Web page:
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Do You Have a Severe Impairment?

Step Number Two in the Disability Evaluation Process

Do you have Severe Impairment?If you are not engaging in “substantial gainful activity” and won’t be able to for at least 12 months, the next question in the SSA’s five-step disability evaluation process is “Do you have a severe impairment?”

Sound straightforward enough, but is it? In a word, “No.”

At Smith & Godios Inc., we understand the SSA’s process for determining who’s disabled and who isn’t. We also know what it takes to succeed with a claim for disability benefits.

Proving You Have a Severe Impairment

A “severe” medical impairment is defined by the Social Security Administration as a medically determinable physical or mental condition that significantly impacts or will impact a person’s mental or physical ability to perform basic work activities for at least 12 months. Social Security, however, not only looks for a medically determinable impairment, they look to see if you are treating for that impairment.

As you might have guessed, the phrases “significantly limits” and “basic work activities” can give the SSA quite a bit of wiggle room to deny claims, especially for conditions that might not be considered long-term. And without ongoing treatment, denying claims is what SSA does. In practice, however, few disability claims are denied at Step 2 as almost all disability claimants can easily show that their health would effect them in the work-place. Most cases end up being decided at Steps 3, 4, or 5.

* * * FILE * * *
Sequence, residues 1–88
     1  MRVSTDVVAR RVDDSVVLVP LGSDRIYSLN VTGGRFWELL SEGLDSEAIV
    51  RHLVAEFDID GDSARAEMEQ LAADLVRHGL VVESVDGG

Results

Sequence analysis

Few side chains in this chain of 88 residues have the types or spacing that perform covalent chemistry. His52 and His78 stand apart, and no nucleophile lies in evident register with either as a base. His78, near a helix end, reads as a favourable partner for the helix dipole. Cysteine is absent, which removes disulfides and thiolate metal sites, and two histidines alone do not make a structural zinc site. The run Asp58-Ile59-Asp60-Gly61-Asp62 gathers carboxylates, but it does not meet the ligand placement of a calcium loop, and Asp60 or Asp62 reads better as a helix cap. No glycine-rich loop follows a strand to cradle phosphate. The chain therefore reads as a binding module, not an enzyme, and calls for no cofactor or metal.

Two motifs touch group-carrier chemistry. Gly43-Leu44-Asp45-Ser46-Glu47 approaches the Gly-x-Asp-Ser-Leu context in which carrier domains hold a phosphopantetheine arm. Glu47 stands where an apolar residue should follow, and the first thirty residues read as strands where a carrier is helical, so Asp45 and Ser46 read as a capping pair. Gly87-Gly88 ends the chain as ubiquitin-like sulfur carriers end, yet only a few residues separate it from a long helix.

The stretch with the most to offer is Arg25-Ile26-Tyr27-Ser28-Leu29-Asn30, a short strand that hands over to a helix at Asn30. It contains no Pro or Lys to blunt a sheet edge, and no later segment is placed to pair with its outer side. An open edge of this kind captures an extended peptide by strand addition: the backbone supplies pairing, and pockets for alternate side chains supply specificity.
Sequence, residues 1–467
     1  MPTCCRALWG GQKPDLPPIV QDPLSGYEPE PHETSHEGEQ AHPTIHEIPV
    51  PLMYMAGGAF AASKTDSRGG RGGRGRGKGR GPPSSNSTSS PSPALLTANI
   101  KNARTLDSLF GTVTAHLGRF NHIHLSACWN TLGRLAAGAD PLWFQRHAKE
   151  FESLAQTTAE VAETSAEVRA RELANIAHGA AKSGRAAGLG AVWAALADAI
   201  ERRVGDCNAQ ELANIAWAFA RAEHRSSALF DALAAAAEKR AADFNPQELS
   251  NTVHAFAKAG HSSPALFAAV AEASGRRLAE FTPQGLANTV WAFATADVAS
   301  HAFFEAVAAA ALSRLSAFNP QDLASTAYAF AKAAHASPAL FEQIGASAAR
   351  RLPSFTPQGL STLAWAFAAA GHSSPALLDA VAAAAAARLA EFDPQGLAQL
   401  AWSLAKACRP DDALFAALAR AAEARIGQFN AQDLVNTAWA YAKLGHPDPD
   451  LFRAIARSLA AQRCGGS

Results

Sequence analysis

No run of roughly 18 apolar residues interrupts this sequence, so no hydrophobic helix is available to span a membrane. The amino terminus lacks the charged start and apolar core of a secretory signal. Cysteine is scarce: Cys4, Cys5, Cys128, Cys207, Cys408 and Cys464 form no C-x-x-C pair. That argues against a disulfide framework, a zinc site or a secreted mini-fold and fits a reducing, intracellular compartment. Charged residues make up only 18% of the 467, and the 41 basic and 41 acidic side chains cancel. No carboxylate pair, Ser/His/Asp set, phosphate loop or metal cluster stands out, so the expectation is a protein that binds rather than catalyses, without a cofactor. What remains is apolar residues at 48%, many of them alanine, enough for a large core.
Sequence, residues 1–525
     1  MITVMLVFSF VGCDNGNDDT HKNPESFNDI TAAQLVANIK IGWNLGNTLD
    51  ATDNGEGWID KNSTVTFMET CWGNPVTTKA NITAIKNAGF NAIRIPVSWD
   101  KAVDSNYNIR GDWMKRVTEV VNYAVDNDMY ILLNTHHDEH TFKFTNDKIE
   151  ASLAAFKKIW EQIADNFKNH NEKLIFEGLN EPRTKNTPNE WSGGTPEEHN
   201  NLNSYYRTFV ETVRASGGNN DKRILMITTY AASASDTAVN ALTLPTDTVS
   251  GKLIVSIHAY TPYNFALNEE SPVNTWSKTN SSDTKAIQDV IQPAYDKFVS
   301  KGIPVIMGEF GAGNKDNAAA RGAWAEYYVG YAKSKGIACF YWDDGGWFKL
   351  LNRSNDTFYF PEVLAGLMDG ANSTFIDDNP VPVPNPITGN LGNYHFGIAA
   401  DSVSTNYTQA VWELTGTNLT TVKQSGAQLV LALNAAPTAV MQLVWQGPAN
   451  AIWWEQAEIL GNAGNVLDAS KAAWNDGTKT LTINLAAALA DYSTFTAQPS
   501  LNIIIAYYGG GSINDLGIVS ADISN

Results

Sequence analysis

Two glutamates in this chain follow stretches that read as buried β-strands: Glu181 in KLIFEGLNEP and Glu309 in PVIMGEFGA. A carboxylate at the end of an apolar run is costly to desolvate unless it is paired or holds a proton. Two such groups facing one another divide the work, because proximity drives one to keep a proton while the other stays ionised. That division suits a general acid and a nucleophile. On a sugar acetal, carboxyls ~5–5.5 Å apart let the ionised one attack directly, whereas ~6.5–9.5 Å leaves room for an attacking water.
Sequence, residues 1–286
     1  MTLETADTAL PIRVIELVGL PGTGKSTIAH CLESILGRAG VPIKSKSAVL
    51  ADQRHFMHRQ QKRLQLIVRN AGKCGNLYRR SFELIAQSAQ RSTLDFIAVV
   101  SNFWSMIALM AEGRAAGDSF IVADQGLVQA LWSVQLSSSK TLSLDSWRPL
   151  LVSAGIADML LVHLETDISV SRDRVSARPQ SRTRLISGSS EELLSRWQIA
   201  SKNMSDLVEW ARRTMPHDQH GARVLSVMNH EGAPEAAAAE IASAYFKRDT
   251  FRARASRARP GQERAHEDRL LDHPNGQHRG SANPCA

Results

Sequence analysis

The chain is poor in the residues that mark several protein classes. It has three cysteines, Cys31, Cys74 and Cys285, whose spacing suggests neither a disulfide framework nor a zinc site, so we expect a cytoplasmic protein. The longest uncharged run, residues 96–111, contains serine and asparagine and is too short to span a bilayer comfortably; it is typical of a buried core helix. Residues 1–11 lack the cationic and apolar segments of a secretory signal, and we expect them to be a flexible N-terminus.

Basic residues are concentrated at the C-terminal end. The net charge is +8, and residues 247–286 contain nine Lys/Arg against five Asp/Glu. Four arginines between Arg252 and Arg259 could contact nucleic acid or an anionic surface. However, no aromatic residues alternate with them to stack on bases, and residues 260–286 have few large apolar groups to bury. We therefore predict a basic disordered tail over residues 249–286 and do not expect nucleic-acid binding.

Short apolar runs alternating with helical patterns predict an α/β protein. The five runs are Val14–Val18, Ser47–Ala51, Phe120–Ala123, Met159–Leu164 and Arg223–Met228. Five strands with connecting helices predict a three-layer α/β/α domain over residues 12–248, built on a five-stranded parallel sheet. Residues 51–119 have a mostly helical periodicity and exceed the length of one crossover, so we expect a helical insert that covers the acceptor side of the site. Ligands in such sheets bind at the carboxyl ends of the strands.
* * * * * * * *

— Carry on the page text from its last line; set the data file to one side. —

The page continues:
Having helped thousands of people through this process, our attorneys know what kind of objective medical evidence the SSA is looking for and will help you to build a case that satisfies the government’s definition of “severe” impairment.

Moving on to step number three: Does your impairment meet or equal one of the government’s disability listings?

The law offices of Smith & Godios Inc. are located in Akron and Cleveland, and our Social Security disability lawyers help people throughout the state of Ohio. If we can’t help you by recovering benefits, you don’t have to pay an attorney fee. There is absolutely no risk and nothing to lose. To schedule a free consultation, call 877-230-5500 or contact us online.

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